Posted by: sean | November 2, 2007

Thinking orange

I haven’t had much to say in this space about Lebanese presidential politics — mostly because I haven’t had much to say about the subject, full stop. A recent interaction with a well-placed Aounist, however, has made me question some of what I think about the situation. Up till now, the only interaction I’ve had with Aounists, like with most other political parties here, has been with the rank and file, the man on the street who has no more inside information than I do. And the orange man on the street seems pretty practical. While he really wants Aoun to be the president, wishful thinking aside, he doesn’t really believe that it’s possible any more. He’d be content with a compromise candidate along the lines of General Michel Sulaiman. 

Recently, though, I had a discussion with someone higher up in the hierarchy, someone who had inside information. Although this person didn’t give me many specifics, he did stress that Aoun would be president. I asked him if he meant that Aoun should be president or that Aoun would actually be president. He replied, “both.” Then I asked if I should consider that remark to be from him personally or him as a party member. Again the answer was “both.”

There are three possibilities here. First, it’s possible that there is information to which I’m not privy, information which will assure an Aoun victory and prove my general sense of Lebanese politics to be wrong. I don’t think this is the case, but that’s partially why my general sense of Lebanese politics is as it is. Second, it’s possible that I wasn’t getting a straight answer and that this person was just giving me the party line. This seems logical and likely, but judging from the intensity and earnestness of his discourse, I don’t think it’s the case. Finally, I think it’s most likely that this person was so personally and emotionally invested in the campaign that he couldn’t really see straight anymore. This seems to be a common symptom of junior partisans who have neither the clear sighted detraction of the man on the street nor the cynical wisdom of the senior apparatchik.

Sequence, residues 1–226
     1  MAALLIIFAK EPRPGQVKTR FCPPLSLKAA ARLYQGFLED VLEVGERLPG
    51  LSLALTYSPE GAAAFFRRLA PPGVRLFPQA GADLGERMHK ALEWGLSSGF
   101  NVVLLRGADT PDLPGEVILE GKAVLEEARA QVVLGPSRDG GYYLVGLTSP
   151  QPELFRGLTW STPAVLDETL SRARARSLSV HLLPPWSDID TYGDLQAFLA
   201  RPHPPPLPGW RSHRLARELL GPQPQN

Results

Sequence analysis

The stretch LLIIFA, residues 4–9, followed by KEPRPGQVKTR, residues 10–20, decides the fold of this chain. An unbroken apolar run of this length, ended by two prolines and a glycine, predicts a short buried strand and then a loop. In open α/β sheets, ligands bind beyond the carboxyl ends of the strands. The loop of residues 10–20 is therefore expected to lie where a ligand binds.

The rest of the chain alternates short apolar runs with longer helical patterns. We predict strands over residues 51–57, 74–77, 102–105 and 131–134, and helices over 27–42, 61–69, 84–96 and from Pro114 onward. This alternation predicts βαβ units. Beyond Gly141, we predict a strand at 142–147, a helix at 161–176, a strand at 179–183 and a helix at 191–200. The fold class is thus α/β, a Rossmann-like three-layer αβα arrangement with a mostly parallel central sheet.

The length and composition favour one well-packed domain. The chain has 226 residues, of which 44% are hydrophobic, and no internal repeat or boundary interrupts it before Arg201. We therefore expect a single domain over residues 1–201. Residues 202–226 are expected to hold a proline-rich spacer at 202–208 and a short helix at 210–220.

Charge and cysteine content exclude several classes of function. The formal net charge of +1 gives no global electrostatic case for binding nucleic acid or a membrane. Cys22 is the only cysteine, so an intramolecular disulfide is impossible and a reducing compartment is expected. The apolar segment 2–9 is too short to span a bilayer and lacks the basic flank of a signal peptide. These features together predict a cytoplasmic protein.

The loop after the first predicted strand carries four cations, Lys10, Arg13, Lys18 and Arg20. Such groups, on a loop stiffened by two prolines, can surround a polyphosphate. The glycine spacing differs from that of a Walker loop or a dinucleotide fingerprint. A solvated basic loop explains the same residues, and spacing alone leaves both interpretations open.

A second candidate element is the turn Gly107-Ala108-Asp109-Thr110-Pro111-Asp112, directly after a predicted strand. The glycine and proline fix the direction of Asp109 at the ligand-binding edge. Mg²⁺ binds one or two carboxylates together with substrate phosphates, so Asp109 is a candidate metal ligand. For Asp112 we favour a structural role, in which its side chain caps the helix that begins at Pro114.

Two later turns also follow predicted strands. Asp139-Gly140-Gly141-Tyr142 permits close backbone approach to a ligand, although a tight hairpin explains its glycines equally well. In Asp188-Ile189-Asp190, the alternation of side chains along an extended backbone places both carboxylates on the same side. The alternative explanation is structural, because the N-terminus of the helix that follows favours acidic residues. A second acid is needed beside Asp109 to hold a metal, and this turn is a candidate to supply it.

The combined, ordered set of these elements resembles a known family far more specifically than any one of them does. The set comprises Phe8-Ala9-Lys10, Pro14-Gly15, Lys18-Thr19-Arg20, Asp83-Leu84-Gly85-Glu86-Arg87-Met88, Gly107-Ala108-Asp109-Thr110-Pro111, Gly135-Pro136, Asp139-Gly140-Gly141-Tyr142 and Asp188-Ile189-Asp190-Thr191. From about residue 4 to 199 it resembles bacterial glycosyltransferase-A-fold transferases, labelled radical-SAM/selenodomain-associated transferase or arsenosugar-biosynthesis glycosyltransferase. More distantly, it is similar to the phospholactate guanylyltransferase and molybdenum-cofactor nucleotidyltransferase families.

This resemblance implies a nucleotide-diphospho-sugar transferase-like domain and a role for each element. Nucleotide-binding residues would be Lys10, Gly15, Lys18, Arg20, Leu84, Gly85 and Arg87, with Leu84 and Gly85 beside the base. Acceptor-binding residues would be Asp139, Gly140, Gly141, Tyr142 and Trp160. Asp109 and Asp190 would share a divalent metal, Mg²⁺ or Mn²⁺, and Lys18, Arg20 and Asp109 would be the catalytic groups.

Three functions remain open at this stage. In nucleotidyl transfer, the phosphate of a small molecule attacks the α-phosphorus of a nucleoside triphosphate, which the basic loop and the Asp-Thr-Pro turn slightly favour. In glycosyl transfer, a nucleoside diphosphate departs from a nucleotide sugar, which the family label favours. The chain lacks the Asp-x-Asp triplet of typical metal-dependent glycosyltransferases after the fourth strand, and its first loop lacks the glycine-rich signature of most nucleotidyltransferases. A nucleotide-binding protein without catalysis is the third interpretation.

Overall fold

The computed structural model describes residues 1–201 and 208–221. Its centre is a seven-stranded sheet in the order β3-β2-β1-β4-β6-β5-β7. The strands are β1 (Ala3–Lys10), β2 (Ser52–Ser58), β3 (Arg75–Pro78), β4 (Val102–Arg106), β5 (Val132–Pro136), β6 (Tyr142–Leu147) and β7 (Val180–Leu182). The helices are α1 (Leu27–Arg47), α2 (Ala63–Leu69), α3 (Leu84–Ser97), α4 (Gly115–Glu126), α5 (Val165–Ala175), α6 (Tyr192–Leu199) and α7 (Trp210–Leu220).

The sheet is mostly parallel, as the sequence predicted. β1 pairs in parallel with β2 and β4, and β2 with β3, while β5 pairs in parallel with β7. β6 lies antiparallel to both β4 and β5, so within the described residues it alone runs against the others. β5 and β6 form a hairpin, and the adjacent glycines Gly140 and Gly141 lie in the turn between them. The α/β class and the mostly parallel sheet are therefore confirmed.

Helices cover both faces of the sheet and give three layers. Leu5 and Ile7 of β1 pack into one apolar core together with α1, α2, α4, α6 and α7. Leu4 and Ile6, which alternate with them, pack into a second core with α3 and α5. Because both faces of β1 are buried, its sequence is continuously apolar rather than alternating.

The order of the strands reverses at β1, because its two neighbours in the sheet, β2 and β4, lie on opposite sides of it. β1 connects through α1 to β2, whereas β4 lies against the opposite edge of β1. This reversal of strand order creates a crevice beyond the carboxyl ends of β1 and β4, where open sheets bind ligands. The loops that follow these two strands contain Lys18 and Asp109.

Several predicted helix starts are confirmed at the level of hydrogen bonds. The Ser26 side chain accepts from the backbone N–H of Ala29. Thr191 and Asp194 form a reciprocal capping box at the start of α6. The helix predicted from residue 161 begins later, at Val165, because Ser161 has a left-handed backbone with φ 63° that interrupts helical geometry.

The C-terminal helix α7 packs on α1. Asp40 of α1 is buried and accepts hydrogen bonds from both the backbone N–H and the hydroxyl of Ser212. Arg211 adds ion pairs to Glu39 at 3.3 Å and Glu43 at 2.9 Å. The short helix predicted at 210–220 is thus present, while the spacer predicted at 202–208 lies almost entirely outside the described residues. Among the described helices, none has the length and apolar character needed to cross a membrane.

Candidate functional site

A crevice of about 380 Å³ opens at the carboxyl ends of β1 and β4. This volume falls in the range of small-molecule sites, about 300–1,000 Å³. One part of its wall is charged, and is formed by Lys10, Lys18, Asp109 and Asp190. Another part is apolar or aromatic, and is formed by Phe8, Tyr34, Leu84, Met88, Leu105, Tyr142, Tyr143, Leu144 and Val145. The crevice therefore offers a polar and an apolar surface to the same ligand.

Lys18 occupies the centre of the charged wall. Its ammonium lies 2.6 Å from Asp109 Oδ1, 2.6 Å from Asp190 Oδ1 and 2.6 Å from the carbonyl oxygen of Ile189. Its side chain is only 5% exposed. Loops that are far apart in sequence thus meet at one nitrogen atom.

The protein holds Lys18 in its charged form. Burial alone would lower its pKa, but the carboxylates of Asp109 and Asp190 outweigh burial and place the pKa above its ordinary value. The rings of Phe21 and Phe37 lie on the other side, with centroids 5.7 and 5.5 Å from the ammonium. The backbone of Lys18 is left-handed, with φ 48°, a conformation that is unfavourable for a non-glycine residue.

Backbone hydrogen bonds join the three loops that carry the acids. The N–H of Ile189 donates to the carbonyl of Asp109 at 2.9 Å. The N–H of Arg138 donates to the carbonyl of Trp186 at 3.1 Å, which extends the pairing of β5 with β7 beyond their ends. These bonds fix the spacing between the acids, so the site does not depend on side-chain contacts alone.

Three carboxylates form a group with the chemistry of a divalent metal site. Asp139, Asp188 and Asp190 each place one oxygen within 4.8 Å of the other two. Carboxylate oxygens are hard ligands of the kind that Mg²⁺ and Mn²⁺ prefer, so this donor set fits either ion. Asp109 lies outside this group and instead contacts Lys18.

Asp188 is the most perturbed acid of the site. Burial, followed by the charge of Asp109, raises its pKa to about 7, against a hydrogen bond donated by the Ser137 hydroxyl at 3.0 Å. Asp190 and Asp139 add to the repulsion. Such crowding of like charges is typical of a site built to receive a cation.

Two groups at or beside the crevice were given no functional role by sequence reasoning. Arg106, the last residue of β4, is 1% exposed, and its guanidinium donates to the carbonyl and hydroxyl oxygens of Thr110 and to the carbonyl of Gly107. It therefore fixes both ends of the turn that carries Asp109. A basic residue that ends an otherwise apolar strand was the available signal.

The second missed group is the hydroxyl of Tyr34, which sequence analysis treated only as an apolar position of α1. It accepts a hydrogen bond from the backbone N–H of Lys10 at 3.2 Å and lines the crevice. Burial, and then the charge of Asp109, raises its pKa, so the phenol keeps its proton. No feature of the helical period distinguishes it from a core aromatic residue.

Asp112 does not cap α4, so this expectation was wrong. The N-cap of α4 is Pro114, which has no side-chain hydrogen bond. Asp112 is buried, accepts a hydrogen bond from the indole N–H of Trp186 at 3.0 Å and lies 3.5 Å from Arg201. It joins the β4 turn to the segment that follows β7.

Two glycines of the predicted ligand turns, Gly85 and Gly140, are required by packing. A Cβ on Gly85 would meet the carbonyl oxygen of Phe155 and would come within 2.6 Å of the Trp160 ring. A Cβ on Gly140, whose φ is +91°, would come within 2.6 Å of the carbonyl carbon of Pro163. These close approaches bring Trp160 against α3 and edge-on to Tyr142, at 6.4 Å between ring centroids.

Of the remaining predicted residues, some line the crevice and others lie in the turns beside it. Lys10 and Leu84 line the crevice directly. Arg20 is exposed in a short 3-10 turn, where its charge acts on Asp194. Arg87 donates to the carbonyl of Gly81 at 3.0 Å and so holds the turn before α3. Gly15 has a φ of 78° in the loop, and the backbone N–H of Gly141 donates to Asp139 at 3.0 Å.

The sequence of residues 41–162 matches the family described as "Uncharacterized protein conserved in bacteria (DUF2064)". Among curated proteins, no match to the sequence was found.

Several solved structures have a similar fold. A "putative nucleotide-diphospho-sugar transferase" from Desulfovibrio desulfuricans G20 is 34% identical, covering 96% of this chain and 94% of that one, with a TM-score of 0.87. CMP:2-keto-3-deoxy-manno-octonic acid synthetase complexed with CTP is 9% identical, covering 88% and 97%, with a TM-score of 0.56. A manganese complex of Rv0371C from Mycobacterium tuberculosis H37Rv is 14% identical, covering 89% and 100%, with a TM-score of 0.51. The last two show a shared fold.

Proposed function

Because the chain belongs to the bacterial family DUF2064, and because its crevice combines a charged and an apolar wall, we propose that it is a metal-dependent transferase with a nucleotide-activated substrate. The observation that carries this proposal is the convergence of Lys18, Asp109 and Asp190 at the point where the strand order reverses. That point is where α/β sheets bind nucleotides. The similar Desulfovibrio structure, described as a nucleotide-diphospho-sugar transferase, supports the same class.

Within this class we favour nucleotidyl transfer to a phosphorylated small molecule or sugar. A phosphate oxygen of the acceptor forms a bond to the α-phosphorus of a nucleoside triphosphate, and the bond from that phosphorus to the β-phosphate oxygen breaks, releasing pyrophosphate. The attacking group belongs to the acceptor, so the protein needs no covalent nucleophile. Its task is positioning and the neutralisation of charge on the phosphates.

In any case, not only did this person tell me that Aoun would definitely be president, but he also said that the Aounists would not accept anything less. I have the sneaking suspicion that when all is said and done, and the presidential deals have been done in smokey back rooms in Paris, Washington and Damascus, the orange upper echelons and the rank and file will be unsurprised, leaving the more zealous junior party members with inside information completely disillusioned.

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